April 20, 2020
Joseph Margulies, Boston Review
The author argues the preference of elected officials to make “carve-outs” for those prisoners incarcerated for “non-violent crimes” is thwarting our ability to address the impact of COVID-19 . He cites evidence that “violence is a young man’s game,” and older prisoners are “much less likely to recidivate.” He also notes a guiding narrative that “a person who committed a robbery is a robber” rather than simply “a person who committed a robbery is . . . a person who committed a robbery.” This, he argues leads to prolonged incarceration that denies “what all of us know to be true: people change.”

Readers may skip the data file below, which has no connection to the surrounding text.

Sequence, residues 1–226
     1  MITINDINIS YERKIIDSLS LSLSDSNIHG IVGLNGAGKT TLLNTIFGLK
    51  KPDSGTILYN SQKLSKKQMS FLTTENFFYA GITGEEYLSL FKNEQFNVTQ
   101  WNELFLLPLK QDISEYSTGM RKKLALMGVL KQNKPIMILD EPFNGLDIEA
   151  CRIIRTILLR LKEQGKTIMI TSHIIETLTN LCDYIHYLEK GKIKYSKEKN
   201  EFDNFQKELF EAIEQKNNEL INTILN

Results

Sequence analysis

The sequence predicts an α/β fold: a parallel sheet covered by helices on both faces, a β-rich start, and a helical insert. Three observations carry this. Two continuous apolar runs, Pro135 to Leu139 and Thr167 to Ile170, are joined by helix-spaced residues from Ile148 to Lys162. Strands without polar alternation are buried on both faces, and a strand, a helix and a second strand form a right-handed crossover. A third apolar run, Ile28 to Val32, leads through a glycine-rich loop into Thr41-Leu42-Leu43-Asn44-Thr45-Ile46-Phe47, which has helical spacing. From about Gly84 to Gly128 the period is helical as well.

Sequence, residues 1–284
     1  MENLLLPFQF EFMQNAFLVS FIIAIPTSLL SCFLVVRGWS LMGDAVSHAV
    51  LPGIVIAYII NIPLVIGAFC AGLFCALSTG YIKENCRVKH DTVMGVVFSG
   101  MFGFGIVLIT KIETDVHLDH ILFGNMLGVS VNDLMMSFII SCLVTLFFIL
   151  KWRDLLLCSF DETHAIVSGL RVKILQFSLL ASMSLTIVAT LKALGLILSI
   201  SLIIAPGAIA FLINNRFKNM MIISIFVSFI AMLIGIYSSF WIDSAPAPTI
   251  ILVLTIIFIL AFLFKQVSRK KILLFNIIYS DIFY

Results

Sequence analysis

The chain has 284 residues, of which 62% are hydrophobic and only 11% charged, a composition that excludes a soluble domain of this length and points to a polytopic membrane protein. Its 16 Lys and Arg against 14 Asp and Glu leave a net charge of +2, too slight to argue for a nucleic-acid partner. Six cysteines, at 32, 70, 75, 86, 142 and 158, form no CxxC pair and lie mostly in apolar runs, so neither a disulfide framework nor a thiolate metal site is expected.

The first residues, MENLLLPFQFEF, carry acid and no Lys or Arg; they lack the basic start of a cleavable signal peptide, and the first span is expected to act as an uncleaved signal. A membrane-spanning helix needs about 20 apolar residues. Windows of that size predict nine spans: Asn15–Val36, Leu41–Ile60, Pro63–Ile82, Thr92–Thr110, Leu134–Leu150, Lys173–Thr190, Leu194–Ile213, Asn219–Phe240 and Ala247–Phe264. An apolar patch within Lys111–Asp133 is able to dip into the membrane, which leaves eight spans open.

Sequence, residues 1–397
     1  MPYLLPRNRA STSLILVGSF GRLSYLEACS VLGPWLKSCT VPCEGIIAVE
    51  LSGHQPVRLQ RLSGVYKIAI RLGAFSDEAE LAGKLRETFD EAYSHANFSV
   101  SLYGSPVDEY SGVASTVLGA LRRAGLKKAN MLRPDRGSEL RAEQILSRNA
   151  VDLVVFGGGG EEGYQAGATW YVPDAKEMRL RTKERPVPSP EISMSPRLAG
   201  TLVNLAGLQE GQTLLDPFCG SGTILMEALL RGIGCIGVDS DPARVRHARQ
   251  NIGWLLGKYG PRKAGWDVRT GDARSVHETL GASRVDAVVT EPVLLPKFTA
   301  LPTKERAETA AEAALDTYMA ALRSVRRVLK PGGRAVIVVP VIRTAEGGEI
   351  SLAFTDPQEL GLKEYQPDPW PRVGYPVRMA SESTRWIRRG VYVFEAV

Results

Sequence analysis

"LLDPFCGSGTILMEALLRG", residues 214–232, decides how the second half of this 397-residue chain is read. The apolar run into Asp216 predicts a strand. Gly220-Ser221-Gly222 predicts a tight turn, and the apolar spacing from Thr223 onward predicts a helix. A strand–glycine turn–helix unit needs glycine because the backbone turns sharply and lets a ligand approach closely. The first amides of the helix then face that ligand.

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Yet for some reason, we persist in believing it is not true for a person who has committed a serious offense. Instead, we imagine that a person in prison is, irrevocably, the crime they committed.
We invest their detention with a deep moral and psychological purpose, freighting it with meaning far beyond what is necessary to keep society safe. To question this arrangement is to challenge something profound in American life. To accept that they change like we change, that they regret as we regret, that they grieve as we grieve is to realize that there is no space between them and us but for the walls we built to shut them away. They are us, and we are them.